Wilson’s theorem and further thought…

In any course on Elementary Number Theory you meet Wilson’s Theorem. This says that for any prime p we have that (p-1) \equiv -1 \,mod \,p.

How do we prove this? Well I have reshaped the usual proof in order to generalise.

My claim: For any finite Abelian group, the product of all elements is equal to the product of 2-torsion elements (i.e. the self-inverse ones).

This is easy to see…every element in the product has to have an inverse (we are in a group) and either a given element is self-inverse or not. Thus when taking the product as a whole everything that is not self-inverse gets inverted (if we jumble up the product)…leaving only those elements that are self-inverse.

Now we may prove Wilson’s theorem. The non-zero integers mod p form a finite group under multiplication. The product of all elements is the same as (p-1)!. By the above this product is the same as the product of 2-torsion elements. These ones will correspond to solutions of a^2 \equiv 1 \,mod \,p. Solving we find that 1, p-1 are the only 2-torsion elements…hence (p-1)! \equiv p-1 \equiv -1 \,mod \,p. QED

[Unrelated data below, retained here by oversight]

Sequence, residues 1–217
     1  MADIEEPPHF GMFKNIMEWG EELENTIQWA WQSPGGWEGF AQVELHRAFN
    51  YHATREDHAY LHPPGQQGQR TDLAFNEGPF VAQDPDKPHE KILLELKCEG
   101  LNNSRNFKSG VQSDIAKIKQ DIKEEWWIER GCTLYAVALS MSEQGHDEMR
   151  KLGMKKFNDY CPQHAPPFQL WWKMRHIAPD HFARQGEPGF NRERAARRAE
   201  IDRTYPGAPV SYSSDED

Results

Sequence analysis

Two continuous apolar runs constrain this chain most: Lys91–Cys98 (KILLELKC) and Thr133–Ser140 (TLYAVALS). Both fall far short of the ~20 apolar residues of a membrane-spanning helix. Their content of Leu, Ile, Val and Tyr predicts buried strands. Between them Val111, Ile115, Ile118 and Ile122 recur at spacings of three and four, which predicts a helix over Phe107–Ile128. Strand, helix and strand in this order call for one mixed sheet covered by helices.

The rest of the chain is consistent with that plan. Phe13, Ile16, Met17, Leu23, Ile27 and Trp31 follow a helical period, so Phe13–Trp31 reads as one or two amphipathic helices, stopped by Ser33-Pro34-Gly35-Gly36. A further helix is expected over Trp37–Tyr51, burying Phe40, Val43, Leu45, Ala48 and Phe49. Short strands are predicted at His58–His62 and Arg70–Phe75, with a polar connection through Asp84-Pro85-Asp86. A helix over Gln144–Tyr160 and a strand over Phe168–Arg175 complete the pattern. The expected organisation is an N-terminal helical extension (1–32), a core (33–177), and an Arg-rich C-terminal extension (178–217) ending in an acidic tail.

In a similar vein we find that for any n>0 and odd prime p then discarding the multiples of p from (p^n - 1)! gives us something which is also -1 \,mod \,p^n.

Maybe other finite groups will provide other Wilson’s Theorems?


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